In July 2015, Lord Justice Briggs was commissioned by the lord chief justice and the master of the rolls to review the civil courts in England and Wales and make recommendations for structural change. An interim report1 appeared at the end of 2015 and his final recommendations2 were published in July 2016. In October 2017, Lord Justice Briggs joined the Supreme Court and became Lord Briggs. He no longer has responsibility for civil court reform in England and Wales.
Lord Justice Briggs, as he was in 2015, had been asked to review the Court of Appeal, the High Court and — lower down the judicial hierarchy — the county courts. There used to be about 170 of these local civil courts in England and Wales, each with its own geographical boundary, buildings and staff. In 2014, the county courts were merged. There is now a single County Court with a number of hearing centres. That number will be reduced as courtrooms are closed and buildings sold off.
The High Court is a single court, based in London, but with district registries around the country. Its workload is allocated to different divisions, some of which were named in the 19th century (though their origins are to be found several centuries earlier).
“The civil courts of England and Wales are among the most highly-regarded in the world,” Lord Justice Briggs said. “The integrity and incorruptibility of the judges is beyond question… [They] invariably write (or speak) their own judgments rather than leave their drafting to assistants… [Their ability] to deliver extempore judgments means that, to a much greater extent than in most of Europe, court users generally receive their decisions quickly.”
That was their greatest strength. But the “single, most pervasive and intractable weakness of our civil courts is that they simply do not provide reasonable access to justice for any but the most wealthy individuals, for that tiny minority still in receipt of legal aid, for those (mainly with personal injury claims) able to obtain no win no fee agreements with their lawyers (CFAs), for the few who obtain free advice and representation and for substantial business entities”.
The reason for this, he explained, is that they were designed by lawyers for use by lawyers. It was a “shocking state of affairs” that left litigants-in-person at a grave disadvantage. Taken together with the large-scale withdrawal of legal aid funding for civil litigation, a growing proportion of unrepresented court users were being gravely hampered in vindicating their rights.3
But for the first time there was now an opportunity to “design from scratch and build from its foundations a wholly new court for the specific purpose of enabling individuals and small businesses to vindicate their civil rights in a range of small and moderate cases… without recourse to lawyers or with such minimal recourse that their services can sensibly be afforded”.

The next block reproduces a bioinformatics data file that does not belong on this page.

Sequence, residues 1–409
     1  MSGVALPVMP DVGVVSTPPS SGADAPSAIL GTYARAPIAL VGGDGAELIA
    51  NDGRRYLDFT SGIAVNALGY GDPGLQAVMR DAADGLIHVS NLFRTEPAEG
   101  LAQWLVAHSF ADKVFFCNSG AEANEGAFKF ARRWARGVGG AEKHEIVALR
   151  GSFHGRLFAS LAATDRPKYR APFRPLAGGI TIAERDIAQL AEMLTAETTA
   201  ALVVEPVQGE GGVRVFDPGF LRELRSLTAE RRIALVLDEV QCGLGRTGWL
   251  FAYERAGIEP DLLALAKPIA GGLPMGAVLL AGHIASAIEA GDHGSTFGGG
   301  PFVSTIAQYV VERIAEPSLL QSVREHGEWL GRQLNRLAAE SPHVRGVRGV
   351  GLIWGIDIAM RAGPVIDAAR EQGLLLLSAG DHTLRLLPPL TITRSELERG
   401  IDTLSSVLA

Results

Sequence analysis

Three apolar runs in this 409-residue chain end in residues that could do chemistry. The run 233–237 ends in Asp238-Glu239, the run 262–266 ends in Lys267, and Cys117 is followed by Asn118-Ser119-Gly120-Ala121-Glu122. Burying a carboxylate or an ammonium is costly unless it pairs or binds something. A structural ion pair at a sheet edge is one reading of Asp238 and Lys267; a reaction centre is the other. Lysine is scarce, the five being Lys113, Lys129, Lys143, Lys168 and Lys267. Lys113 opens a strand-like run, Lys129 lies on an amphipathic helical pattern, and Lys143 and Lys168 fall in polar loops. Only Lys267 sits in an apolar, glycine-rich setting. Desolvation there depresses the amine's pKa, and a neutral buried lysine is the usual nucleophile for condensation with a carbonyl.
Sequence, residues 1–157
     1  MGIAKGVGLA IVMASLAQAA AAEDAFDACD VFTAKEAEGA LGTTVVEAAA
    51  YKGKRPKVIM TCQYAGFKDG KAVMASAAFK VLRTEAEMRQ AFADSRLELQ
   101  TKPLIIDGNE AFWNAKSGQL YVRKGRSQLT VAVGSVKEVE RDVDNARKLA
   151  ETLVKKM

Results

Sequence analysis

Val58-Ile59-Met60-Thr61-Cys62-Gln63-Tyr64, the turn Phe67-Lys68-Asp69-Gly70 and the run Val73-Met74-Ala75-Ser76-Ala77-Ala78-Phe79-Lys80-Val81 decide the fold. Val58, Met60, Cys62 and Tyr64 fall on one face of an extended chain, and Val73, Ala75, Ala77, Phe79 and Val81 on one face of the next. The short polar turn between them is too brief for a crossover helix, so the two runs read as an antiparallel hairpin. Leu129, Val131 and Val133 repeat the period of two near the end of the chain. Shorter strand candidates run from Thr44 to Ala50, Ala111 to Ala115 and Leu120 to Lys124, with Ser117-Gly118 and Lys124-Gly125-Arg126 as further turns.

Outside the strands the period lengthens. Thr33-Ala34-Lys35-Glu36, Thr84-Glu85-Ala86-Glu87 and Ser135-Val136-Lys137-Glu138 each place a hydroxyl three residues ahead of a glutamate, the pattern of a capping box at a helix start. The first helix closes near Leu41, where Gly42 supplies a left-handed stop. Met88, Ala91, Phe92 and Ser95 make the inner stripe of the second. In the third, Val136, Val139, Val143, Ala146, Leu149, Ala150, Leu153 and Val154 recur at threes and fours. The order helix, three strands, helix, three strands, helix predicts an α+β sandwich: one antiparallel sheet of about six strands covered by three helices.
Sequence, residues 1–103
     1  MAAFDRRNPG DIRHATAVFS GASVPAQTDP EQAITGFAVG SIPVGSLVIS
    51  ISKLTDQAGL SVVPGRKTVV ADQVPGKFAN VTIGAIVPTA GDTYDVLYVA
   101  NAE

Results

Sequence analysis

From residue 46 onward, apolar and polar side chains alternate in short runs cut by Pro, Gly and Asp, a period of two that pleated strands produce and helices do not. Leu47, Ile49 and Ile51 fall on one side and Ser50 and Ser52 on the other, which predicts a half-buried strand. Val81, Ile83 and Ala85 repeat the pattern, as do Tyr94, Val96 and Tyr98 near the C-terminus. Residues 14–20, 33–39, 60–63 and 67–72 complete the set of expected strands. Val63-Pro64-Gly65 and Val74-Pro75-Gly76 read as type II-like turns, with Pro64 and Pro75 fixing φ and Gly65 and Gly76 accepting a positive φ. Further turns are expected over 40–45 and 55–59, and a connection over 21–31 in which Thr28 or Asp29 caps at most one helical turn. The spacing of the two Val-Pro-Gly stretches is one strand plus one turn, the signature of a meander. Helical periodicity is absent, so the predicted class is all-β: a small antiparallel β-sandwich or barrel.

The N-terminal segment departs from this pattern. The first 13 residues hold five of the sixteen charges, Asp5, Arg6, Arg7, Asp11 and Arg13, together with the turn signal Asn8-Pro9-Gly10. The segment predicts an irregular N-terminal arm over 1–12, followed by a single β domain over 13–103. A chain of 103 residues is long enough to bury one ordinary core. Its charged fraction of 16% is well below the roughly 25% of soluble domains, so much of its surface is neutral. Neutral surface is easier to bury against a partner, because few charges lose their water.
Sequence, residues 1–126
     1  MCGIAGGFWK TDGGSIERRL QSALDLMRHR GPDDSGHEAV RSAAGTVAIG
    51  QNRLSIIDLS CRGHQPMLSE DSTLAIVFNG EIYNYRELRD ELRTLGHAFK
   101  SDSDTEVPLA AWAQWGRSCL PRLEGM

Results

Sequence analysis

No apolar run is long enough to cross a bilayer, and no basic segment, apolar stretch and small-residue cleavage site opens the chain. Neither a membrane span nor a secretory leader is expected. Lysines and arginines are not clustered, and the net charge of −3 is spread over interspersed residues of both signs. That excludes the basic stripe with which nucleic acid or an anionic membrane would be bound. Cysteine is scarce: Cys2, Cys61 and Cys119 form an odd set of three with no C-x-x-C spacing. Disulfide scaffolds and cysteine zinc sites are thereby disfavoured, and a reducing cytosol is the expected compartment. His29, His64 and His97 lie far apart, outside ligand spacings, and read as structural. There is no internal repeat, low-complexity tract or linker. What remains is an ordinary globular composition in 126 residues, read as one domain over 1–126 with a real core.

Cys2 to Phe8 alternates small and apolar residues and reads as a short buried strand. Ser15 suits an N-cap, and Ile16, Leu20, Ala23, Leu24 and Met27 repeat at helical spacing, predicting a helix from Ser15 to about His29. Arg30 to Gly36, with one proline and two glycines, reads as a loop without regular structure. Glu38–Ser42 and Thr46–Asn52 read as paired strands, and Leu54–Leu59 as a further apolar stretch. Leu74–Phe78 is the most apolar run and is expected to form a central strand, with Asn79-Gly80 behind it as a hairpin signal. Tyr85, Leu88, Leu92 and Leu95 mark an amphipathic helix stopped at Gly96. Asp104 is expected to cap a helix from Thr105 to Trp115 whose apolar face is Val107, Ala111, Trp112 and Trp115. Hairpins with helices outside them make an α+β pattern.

The opportunity had arisen, Lord Justice Briggs explained, because the government had accepted the business case for reform — that a digitised court would be cheaper to run than the current system — to an extent that justified substantial investment even during a time of austerity.4
“The limited, antiquated and inefficient IT systems currently in use is now on the point of radical improvement” because of government investment, he noted. “At the same time, advances in the sophistication of online services and the large increase in the proportion of court users for whom online communication is both easy and normal make an online court designed for litigants-in-person a practicable proposition for the first time”.5
That was its most radical aspect, said the master of the rolls, Sir Terence Etherton, in December 2016.6 But the online court would not exclude parties who were legally represented. Instead, everyone would benefit from “a simple, straightforward system and equally simple procedure and practices, designed for use by everyone whether they have a lawyer or not”. By scrapping complex rules that could be understood only by lawyers, the court would lift what was regarded as “a significant barrier to entry to the justice system”.
In January 2017, Sir Terence Etherton and Lord Thomas of Cwmgiedd issued a joint statement endorsing the Briggs report and supporting its recommendations.
They said: “The review covers important ground, and while the online court caught the headlines, there are 62 recommendations in the report which merit equal attention. The judiciary will continue to work with the government and HMCTS to develop further the conclusions Lord Justice Briggs reached, and bring them to fruition alongside wider court modernisation.
“The justice system is undergoing a long overdue improvement programme. The judiciary is involved and informing every aspect of this. Lord Justice Briggs’s major review will ensure that the overall system for civil justice is improved for its users in a coherent as well as comprehensive manner. A team of civil judges has been established to lead on this work within the judiciary.”